9.2.Is flow inheritance like Java inheritance?............................................................57
9.3.Types of Flow Inheritance...................................................................................57
9.4.Abstract flows......................................................................................................58
9.5.Inheritance Algorithm..........................................................................................58
10.SystemSetup.................................................................................................................61
10.1.Introduction........................................................................................................61
10.2.webflow-config.xsd...........................................................................................61
10.3.Basic systemconfiguration................................................................................61
10.4.flow-registry options..........................................................................................62
10.5.flow-executor options........................................................................................65
11.Spring MVC Integration...............................................................................................67
11.1.Introduction........................................................................................................67
11.2.Configuring web.xml.........................................................................................67
11.3.Dispatching to flows..........................................................................................67
11.4.Implementing customFlowHandlers.................................................................68
11.5.View Resolution.................................................................................................71
11.6.Signaling an event froma View.........................................................................71
11.7.Embedding A Flow On A Page.........................................................................72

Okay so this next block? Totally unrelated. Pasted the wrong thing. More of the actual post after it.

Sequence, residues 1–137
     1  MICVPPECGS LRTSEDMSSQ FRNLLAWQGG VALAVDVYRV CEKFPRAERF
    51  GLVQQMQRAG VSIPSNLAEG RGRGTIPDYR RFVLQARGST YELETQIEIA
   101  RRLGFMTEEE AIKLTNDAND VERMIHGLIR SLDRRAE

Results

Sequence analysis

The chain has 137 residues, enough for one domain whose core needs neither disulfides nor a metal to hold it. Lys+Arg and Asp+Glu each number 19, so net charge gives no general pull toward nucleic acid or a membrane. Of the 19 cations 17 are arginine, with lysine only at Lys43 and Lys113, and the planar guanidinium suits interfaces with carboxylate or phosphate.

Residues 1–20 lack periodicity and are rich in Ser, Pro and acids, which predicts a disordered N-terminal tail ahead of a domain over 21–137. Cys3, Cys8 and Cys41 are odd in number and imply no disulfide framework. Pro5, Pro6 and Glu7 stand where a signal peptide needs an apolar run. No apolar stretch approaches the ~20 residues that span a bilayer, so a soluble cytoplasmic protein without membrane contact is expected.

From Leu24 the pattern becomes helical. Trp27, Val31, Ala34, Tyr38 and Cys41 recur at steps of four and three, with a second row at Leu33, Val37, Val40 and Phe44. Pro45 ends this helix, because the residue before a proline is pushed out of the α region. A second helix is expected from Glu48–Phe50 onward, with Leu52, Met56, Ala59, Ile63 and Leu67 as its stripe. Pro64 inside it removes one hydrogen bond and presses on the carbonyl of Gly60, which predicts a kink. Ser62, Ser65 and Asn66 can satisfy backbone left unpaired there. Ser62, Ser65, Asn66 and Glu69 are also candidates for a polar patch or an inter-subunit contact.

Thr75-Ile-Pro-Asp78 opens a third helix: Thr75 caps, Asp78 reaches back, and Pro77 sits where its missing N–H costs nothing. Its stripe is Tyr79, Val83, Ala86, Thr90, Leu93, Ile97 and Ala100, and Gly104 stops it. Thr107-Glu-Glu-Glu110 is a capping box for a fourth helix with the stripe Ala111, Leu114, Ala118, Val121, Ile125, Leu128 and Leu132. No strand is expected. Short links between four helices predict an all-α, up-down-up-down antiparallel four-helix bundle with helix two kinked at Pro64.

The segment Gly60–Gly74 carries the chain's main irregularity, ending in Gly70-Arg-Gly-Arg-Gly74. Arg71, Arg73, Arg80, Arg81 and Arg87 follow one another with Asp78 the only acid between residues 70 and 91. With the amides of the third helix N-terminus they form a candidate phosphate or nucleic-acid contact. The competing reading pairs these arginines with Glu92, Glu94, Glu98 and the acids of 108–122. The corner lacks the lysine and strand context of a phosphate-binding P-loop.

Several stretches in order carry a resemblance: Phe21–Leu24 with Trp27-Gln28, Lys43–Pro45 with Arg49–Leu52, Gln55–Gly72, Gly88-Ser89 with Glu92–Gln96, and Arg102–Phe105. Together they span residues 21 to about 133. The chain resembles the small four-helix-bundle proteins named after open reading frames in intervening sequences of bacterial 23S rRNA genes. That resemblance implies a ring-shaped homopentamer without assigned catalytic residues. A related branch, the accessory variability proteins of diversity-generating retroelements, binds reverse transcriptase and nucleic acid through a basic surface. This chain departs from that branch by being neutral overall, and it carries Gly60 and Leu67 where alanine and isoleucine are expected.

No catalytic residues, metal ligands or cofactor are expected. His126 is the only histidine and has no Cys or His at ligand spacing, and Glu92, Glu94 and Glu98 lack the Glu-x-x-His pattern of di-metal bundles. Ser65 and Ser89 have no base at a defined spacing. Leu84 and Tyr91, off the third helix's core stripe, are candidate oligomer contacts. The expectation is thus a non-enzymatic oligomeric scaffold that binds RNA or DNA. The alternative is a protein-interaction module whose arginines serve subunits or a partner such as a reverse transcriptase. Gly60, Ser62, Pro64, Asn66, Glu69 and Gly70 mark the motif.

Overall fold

12.Spring JavaScript Quick Reference..............................................................................75
12.1.Introduction........................................................................................................75
12.2.Serving Javascript Resources.............................................................................75
12.3.Including Spring Javascript in a Page................................................................76
12.4.Spring Javascript Decorations............................................................................77
12.5.Handling Ajax Requests....................................................................................78
13.JSF Integration..............................................................................................................81
13.1.Introduction........................................................................................................81
13.2.JSF Integration For Spring Developers..............................................................81
13.3.Configuring web.xml.........................................................................................82
13.4.Configuring Web Flow for use with JSF...........................................................84
iv Spring Web Flow
13.5.Configuring Spring MVC for JSF 2..................................................................84
13.6.Configuring faces-config.xml............................................................................85
13.7.Replacing the JSF Managed Bean Facility........................................................85
13.8.Handling JSF Events With Spring Web Flow...................................................88
13.9.Embedding a Flow On a Page............................................................................92
13.10.Redirect In Same State.....................................................................................92
13.11.Using the Spring Security Facelets Tag Library..............................................93
13.12.Enhancing The User Experience With Rich Web Forms in JSF 1.2...............95
13.13.Third-Party Component Library Integration....................................................96
14.Portlet Integration.........................................................................................................99